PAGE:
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The MicroLoan Foundation: A Hand Up, Not a Hand Out

This is an extract from a longer article I wrote for The Body Shop Foundation.

The MicroLoan Foundation was created in 2002 by English business man Peter Ryan. After visits to the Philippines and Malawi Ryan decided that he could make an economic difference in the poorest areas of these countries. Started from the back room of a garage in Lilongwe (the capital) the MicroLoan Foundation now covers multiple areas of Malawi, with scope to cover all Sub-Saharan Africa. From scant beginnings the Microloan Foundation has become a system of alternative finance within the impoverished communities of Malawi.

The mission statement of the Foundation is a commitment to helping the poor to help themselves, in order to change their lives for the better. MicroLoan sees this as being achieved by relief of poverty, advancement of education and the relief of sickness in the developing world.

The Foundation works on a principle of six steps to independence. The steps incorporate a mixture of business and social practice geared toward increasing business growth. This in turn leads to an increase in profit and the poverty cycle being broken.

The defining principles of the MicroLoan Foundation are women first and self determination through economic group participation. This means that the foundation focuses on creating female entrepreneurs. Women undoubtedly are the most deprived and marginalised within impoverished societies. The foundation strives to give them a chance to develop their own businesses and their own dignity. To access microfinance through the MicroLoan Foundation those interested must form a loan group. These groups are a vital component in support and loan allocation, ensuring the Foundation is integrated within local communities. In the majority of projects the tribal chief is invited to chair the loan groups, which are crucial in supporting the women who are part of them. They provide business acumen and advice in terms of repayment and

financial management.

Economic fluctuations in the Malawian economy, as a result of the global economic situation and the increased plundering of Africa’s natural resources, have increased the importance of MicroLoan. Many of the clients live below the absolute poverty line (a daily income of $1 a day). As a result of this the majority of the people financed by the Foundation are in a situation where they live from day to day. They cannot cope with economic changes far beyond their control which impact upon their lives; making access to Microfinance essential.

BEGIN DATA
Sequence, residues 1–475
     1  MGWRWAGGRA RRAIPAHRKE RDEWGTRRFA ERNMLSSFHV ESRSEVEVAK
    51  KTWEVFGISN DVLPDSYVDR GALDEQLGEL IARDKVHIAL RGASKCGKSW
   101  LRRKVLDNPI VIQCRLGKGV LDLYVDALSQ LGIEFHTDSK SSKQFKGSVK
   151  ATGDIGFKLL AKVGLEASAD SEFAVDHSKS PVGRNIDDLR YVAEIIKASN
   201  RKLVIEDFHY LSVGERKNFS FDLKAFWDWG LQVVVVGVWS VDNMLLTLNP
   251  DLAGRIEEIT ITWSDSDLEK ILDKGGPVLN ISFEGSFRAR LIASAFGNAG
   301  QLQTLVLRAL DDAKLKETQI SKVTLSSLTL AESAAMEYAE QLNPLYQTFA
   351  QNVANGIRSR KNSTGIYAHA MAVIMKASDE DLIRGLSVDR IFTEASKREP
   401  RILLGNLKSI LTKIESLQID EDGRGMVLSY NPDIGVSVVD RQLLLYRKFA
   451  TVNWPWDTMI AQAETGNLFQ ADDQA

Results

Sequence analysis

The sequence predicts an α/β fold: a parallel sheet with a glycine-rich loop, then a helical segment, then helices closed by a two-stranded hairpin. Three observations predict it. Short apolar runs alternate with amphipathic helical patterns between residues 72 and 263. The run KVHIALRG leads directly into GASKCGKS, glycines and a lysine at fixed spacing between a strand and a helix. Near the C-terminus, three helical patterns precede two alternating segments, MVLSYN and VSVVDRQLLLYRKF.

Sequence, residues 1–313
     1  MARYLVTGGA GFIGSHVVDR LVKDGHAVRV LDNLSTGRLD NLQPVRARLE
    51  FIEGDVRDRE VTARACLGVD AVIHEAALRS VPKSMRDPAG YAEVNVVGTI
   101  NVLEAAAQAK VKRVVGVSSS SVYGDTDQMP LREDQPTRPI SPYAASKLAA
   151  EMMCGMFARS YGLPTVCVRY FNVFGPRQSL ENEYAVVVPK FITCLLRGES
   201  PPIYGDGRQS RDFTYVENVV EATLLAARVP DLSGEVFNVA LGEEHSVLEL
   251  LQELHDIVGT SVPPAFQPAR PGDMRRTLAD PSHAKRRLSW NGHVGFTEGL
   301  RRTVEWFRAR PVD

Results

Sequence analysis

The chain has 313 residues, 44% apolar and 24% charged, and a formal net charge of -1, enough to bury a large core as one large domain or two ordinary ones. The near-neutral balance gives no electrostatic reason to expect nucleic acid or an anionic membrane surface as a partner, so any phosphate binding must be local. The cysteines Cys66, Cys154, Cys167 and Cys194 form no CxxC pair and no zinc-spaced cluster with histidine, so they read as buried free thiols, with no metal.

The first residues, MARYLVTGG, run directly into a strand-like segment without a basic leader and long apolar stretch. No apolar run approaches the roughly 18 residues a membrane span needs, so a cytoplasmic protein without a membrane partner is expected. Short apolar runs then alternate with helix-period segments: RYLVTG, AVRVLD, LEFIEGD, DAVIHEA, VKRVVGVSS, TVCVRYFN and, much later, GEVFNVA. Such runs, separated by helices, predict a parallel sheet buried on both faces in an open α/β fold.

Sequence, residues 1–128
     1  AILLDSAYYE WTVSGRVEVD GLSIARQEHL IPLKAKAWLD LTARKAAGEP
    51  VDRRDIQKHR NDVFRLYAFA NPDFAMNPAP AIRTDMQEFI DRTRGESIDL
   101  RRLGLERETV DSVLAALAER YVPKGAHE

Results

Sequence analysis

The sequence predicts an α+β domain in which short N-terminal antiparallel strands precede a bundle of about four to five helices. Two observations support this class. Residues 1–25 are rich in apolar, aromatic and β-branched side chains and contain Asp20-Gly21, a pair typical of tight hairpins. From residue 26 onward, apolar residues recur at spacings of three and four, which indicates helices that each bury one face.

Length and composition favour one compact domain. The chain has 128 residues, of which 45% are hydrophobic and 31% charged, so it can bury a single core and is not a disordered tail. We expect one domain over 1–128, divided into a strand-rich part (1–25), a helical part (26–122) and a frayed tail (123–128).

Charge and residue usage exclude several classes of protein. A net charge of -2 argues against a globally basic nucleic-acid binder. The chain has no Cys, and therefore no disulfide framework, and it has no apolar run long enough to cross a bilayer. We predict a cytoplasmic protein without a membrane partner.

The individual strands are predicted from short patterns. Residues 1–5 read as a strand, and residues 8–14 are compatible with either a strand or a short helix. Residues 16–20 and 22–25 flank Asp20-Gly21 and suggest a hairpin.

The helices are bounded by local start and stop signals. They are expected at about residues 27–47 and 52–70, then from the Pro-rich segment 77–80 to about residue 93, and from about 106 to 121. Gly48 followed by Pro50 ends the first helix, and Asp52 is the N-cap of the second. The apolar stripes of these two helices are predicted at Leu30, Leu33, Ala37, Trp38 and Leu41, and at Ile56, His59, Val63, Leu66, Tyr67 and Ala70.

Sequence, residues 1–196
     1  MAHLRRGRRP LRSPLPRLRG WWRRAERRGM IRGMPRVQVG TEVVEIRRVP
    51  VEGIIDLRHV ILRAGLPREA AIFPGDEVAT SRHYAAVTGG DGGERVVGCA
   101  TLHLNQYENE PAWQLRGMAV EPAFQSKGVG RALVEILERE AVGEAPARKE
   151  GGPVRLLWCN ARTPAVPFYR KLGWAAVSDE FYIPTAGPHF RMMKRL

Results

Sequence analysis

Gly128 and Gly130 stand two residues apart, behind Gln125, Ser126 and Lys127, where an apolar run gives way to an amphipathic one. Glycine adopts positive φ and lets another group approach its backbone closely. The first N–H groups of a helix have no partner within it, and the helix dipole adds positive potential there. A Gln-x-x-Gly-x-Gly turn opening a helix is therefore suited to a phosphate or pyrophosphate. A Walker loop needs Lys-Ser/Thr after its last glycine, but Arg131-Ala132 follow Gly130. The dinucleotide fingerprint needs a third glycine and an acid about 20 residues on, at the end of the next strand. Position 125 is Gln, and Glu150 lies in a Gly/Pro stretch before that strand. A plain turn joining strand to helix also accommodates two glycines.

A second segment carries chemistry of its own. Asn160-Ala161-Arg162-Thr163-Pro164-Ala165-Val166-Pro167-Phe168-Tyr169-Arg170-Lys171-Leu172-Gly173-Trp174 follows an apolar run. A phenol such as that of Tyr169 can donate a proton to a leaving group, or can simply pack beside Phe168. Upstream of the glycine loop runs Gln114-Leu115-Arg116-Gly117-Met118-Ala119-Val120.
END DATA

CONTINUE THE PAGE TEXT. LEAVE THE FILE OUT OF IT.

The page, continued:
When determining the effects of Microfinance it is necessary to look at the wider impact of the money; not solely at the lives of those directly furnished with loans. The majority of those financed are women with family responsibilities; as a result their dependants must also be taken into account. The impact of the loans is felt in the lives of dependants, especially children, through better diets, education, healthcare and improved living conditions. All of these were previously beyond their means; improving access to microfinance can create longer, happier and more fulfilled lives. The loans empower woman both economically and socially. They create pride and dignity through individual sustainability and the ability to determine their own future and the future of their children. The Foundation provides people with the chance to gain basic human rights which they were deprived of before MicroLoan intervention.

Having a direct and lasting effect in Malawi is central to the ethos of the Foundation but it is a task that is difficult to implement. Poverty has a crippling hold over the majority of the Malawian population. With the introduction of Microfinance to the poorest communities a percentage of these areas have been given the opportunity to personally change their situation. Since the inception of the Foundation in 2002 its Malawian operation has made 50,000 loans to 20,000 women impacting on the lives of an estimated 120,000 people.

Category: Payday loans

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